The Tuesday Rubdown

My body may not exactly be a wonderland, but settle in because, as John Mayer might say, this is bound to take a while …

The ASADA squirrel grip

As if the drip-feed of drug use information isn’t suggestive of an obvious problem, Roy Masters’ article this morning lays it all bare, including the possibility of a forfeited Grand Final. Serious? Much? The blowhards are still out there leaving no stone ‘untouched’ in the search for the truth and answers, reaching for mediocrity like it’s Stallone’s slippery little fingers in Cliffhanger. May I reproduce the chart from the Ch9 panel discussion a few weeks back to show how some remain impervious to facts?Chart1

Barba ran, Ba-Barba ran

Des Hasler’s assertion that Benny Barba won’t play Thursday wasn’t delivered under oath. Nor was Ricky Stuart’s claim that he’d be happy if his Eels finished within 12-18pts of the Bulldogs last Thursday. You can bet Ricky was at least expecting the result that transpired, and hoping for a better one given the weakened Bulldogs side. So I regard these types of comments as very distant relatives of the actual truth.

Similarly, Ben Barba may well not play in a couple of days even if he is travelling to Melbourne, but I’m not prepared to bet against it. After all, playing is a substantial part of his rehab, is it not? The fact that the Storm are next to unbeatable at the moment and Kasiano and Pritchard will still be out are probably a good enough reasons to hold him back for the Souths game on the 29th, who have now proven very beatable. Like their neighbourhood rivals, the Roosters, they fell over the line in Round 2.

Who’s Who in the 2013 Zoo

Speaking of Souths, I was expecting to write this version of the Rubdown by highlighting the Storm and Souths as setting a standard that set them both apart against 4 real chasers and a bottom 10. I now have only the Storm sitting up there. Their play is quite sublime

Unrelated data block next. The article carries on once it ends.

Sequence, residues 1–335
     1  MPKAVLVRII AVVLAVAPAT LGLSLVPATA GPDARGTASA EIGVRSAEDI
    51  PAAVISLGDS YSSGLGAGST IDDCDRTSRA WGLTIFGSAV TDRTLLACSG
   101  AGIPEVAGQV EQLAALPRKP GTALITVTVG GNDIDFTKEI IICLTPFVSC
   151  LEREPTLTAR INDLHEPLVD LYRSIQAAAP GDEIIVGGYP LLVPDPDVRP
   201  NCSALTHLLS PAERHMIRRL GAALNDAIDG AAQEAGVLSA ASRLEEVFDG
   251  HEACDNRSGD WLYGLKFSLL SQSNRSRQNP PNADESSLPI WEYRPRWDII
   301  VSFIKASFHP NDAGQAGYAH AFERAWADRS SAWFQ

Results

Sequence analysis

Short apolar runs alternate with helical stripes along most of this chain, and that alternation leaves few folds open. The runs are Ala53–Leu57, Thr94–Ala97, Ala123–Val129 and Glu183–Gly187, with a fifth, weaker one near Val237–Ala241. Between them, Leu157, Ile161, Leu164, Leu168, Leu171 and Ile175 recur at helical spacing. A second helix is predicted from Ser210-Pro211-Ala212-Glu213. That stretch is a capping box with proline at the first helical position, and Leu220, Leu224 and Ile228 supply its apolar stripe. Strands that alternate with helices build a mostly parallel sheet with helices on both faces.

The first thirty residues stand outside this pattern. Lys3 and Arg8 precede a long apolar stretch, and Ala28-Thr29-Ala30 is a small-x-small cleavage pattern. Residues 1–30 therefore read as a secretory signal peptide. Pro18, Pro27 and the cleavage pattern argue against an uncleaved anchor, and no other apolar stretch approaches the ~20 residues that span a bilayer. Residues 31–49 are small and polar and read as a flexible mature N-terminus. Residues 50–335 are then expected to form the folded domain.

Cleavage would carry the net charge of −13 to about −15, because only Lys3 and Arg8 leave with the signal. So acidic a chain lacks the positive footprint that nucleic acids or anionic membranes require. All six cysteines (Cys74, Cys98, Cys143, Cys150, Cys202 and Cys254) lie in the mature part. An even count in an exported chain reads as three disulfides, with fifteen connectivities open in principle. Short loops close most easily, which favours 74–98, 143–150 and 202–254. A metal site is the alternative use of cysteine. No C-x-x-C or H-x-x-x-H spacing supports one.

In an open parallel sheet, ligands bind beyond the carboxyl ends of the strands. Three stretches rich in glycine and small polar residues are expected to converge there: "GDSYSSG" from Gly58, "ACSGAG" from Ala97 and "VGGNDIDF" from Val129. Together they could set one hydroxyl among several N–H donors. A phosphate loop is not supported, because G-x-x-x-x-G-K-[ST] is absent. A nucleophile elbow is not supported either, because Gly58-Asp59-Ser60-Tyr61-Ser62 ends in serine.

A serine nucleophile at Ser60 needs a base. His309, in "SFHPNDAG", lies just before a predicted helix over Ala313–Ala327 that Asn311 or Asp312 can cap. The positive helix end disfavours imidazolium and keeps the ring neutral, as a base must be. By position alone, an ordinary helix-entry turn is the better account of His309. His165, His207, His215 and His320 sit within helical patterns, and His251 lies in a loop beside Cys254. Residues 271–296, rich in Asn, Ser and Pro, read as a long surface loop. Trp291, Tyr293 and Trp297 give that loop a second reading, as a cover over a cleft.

They really are the 2003-2008 version of Roger Federer. They are pretty much unbeatable because even a poor performance still has a base of good preparation and positive habits and structure. The games they lose this year will most likely be ‘Origin-related’ only.

Tries ForTries AgainstI have to pay Manly the compliment of suggesting they look like the only team right now that can test the Storm (early days, but I had them scraping into the 8!). Their stats are amazing.

While it’s only Round 2 and the stats cannot average out a blowout score like Manly/Knights or Gold Coast/Canberra, they do suggest a theme developing for top sides. They will have more information-value after about 6 Rounds.

JT an Immortal?

Continuing the tennis analogy, Just as Johnathan Thurston is being anointed ‘better than Joey’, Cooper Cronk is setting the bar higher, a bit like Nadal did to Federer. As good as he is, how can you call JT the best ever when he might not even be better than Cronk? Something to think about.

The Concussion Discussion